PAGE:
With its Office 365 programme, which is also increasingly used by government agencies, Microsoft now even ensures that all the documents the programme generates automatically end up on the company’s cloud servers.
At the same time, the Snowden documents proved that the NSA and its British partners used a cyber weapon called “Regin” to directly probe the EU Commission and European Parliament, through a security flaw in the Windows programme.
In 2017, it became clear that the NSA had been using a spy tool based on flaws in Microsoft software for over 10 years, and that the company only fixed these when the intelligence service’s software fell into the hands of criminals.
The latest versions of Microsoft programmes (Windows 10 and Office 365) have exacerbated the problem yet more, because these programmes collect and store the personal data of Office users on a massive scale, without informing them about it.
This was the finding of an investigation commissioned by the Dutch Ministry of Justice. The Dutch IT researchers stated that in doing so Microsoft was violating Europe’s Basic Data Protection Regulation on a gigantic scale.
De facto, the use of Microsoft products by state authorities is “no longer compatible with the rule of law,” says the former Green MEP and current German State Minister Jan Philipp Albrecht, who is regarded as the father of EU data protection law.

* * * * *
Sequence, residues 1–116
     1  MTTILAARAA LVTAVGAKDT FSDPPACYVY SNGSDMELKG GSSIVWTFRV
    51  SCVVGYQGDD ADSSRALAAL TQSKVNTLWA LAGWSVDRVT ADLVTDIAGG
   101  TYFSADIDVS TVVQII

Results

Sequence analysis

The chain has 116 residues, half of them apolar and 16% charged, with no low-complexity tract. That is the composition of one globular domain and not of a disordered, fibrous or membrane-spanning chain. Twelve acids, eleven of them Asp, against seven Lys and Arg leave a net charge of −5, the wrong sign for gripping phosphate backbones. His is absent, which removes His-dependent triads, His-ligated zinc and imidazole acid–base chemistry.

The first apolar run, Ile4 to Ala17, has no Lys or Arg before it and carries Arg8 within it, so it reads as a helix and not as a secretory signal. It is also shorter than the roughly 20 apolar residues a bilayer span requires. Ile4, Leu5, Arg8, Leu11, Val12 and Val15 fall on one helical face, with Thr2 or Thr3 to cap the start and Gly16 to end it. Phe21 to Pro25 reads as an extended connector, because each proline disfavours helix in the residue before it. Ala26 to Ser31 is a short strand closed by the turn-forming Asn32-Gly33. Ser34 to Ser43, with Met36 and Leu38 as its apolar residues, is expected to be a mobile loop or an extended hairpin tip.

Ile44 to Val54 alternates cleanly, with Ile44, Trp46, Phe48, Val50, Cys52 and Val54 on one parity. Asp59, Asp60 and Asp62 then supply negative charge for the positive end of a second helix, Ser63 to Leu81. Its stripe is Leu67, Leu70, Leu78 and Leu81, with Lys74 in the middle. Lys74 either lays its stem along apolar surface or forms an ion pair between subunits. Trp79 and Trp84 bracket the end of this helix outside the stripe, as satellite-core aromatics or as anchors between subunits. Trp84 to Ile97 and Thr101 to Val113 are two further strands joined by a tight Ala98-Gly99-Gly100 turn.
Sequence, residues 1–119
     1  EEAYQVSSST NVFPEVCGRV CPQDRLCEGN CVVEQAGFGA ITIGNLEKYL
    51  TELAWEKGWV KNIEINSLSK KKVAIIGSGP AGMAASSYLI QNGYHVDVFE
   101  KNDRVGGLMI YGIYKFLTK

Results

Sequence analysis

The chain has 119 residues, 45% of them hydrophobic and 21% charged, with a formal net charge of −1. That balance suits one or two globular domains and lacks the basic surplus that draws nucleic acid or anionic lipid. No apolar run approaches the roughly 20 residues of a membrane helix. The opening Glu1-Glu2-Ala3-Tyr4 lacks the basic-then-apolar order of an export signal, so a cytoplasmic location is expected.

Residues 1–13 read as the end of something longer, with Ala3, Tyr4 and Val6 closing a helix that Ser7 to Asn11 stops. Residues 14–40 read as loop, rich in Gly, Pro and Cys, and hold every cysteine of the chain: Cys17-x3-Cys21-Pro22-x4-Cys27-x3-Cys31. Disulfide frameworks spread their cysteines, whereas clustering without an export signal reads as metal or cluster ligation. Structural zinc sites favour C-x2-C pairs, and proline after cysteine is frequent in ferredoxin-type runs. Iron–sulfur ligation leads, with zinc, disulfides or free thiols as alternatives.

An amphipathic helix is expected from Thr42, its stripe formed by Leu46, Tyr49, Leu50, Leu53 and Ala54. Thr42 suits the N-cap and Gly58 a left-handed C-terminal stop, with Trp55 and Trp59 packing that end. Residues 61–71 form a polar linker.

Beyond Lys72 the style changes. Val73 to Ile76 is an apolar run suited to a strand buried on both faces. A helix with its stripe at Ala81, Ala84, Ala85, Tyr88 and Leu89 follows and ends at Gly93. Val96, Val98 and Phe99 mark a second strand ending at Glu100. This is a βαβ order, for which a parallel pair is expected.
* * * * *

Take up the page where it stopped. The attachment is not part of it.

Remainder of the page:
But none of the proven infringements by US intelligence agencies and IT firms has led to any practical consequence so far. The Europeans leave themselves defenceless: an American software colony. Against this background, the action against Huawei seems outright ridiculous.
For sure, China is a surveillance state that brutally oppresses its critics and pursues its interests worldwide. There is good reason for suspicion. But as long as EU governments allow their apparatus of state, all the private data of their citizens and the trade secrets of their companies to be spied on by the US intelligence services, all at the same time, the ban on the global market leader from China demanded by the EU Commission and some national governments will do more harm than good. The European Union would only make itself an ally in Trump’s trade war against China, which threatens to cause great economic damage in Europe.
At the same time, almost nothing would be gained for the security of European IT systems, while their dependence on the USA would only increase.
It would make much more sense to finally develop a long-term strategy through which Europe can free itself from the clutches of all foreign powers, at least in respect of the information technology that Europe needs for its “critical infrastructure”. This has already been achieved in aircraft construction and satellite navigation with Airbus and Galileo.
Europe does not lack skilled engineers to protect its IT systems from the “malicious cyberattacks” of which US Ambassador Grenell hypocritically warns. It just lacks the political will to act.